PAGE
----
Gas left in the tank

Beyond being mean, it’s far too easy to dismiss that Krejci still brings value as a player, even if it’s debatable if he’s worth $7.25M.

(He’s not worth more than David Pastrnak, Marchand, or Bergeron, but all three of those guys are being paid less than they’d make on the open market anyway, and probably by a massive margin.)

Bruins fans might grumble at Krejci finishing the 2017-18 regular season with 17 goals and 44 points, yet he did so while struggling through injuries (just 64 games played). You could argue that Krejci sputtered against the Tampa Bay Lightning, but the bottom line is that he generated 10 points in 12 games during the 2018 Stanley Cup Playoffs. Krejci deserves ample credit for helping Jake DeBrusk take his game up a notch, even if things didn’t go as swimmingly with Rick Nash.

Krejci also generated solid possession stats, although you can dock him a bit for also enjoying cushy offensive zone starts. There are even some ways where Krejci meets or exceeds Tavares, as you can see from this comparison via Bill Comeau’s SKATR tool.

Those are far from “run this guy out of town” numbers, right?

Will he have a long memory?

Still, one can understand why the Bruins might want to trade Krejci. With Krejci likely to decline further considering he’s 32, the Bruins would probably choose Torey Krug instead, and looming raises for young players (most prominently Charlie McAvoy, who’s about to enter a contract year) might force such a decision.

According to Cap Friendly, Krejci has a no-movement clause for 2018-19 and a modified version in 2019-20 and 2020-21. During those latter years, he’d be asked to provide a list of teams he’d accept a trade to, which would amount to half of the NHL (which would be 15, as the clause states that you’d round down). One could see a scenario where he’d feel pressure to OK a trade that entail going to a cellar-dweller, or a place he wouldn’t want to play.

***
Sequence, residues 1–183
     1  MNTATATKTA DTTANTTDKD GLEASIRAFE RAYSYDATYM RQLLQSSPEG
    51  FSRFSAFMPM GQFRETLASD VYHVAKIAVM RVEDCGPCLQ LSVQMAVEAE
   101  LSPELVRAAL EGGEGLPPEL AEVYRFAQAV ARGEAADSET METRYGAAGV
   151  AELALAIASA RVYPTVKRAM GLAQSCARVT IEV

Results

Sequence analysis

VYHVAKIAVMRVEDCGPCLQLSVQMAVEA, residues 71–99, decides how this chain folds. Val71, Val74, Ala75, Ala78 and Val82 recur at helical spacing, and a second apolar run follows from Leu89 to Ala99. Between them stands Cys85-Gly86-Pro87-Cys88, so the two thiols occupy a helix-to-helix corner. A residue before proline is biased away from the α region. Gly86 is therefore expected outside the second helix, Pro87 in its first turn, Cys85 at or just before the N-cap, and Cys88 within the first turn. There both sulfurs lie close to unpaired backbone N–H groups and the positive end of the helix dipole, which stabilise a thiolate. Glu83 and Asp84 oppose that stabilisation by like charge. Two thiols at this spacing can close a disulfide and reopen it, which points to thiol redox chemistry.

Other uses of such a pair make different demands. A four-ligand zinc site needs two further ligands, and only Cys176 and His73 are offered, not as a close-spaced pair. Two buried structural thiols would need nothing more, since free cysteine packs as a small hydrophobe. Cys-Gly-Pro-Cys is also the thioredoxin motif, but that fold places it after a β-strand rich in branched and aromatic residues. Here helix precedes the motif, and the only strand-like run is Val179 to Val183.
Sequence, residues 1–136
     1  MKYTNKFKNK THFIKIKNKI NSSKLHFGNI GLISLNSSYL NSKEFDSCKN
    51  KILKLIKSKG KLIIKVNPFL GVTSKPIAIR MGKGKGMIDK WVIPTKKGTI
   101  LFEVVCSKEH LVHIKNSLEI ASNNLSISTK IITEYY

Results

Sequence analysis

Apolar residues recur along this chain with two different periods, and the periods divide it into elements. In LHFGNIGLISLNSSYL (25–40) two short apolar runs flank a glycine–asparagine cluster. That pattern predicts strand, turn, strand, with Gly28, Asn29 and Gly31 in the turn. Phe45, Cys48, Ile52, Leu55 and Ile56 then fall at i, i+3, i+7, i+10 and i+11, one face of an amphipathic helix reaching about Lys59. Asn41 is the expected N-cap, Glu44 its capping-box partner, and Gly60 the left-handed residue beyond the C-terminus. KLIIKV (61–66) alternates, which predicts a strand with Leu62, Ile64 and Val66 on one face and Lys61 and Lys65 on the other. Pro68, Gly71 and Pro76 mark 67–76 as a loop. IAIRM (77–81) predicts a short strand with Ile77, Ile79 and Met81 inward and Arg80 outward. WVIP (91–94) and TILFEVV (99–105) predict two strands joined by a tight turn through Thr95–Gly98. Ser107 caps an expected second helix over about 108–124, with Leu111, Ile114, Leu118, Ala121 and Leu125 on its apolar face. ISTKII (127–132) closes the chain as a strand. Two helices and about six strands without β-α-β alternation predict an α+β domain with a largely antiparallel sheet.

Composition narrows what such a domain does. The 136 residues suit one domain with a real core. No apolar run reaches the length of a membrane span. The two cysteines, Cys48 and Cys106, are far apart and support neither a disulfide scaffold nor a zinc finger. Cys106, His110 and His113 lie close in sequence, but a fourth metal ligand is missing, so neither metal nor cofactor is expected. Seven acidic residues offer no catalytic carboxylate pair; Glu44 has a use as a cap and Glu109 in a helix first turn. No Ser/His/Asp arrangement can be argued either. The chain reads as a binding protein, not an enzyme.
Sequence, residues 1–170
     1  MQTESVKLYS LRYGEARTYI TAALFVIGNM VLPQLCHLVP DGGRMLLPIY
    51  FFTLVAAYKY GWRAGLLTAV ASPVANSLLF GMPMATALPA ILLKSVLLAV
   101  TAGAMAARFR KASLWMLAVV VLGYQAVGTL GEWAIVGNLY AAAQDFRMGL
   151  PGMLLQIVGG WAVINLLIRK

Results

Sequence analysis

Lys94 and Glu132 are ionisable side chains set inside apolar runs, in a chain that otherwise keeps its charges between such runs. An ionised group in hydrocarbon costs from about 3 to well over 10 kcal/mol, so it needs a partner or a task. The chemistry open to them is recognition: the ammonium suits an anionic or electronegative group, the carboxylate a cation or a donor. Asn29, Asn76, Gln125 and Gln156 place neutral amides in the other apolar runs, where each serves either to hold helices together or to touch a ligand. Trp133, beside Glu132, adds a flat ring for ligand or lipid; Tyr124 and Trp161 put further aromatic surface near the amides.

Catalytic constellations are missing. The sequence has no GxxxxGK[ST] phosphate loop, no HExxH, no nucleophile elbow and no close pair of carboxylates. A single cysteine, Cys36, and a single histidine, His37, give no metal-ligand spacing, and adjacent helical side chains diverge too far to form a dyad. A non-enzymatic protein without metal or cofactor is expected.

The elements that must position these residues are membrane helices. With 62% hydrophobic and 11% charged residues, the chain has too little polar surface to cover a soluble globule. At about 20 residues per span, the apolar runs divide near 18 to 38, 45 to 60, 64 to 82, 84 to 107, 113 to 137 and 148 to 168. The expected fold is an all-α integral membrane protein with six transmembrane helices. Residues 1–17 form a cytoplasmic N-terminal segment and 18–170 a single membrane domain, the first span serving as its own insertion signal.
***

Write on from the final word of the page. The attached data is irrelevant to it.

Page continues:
In that moment, Bruins fans and management could be breathing down Krejci’s neck. Don’t blame Krejci if he does what’s best for him then, especially after what happened during that brief (but telling?) push for Tavares.

James O’Brien is a writer for Pro Hockey Talk on NBC Sports. Drop him a line at phtblog@nbcsports.com or follow him on Twitter @cyclelikesedins.

Olczyk honored on Hockey Fights Cancer night in Chicago

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The Chicago Blackhawks honored one of their own on Hockey Fights Cancer night at the United Center on Sunday.

Eddie Olczyk skated onto the ice fighting back tears as the Chicago faithful cheered him on.

The honoring was two-fold.

First, it was a part of Chicago’s ‘One More Shift’ ceremony that’s included former players such as Ed Belfour, Steve Larmer and Jeremy Roenick.

Secondly, it was a chance to properly acknowledge Olczyk’s fight against Stage 3 colon cancer, a battle he waged for months before announcing in March that he was cancer-free.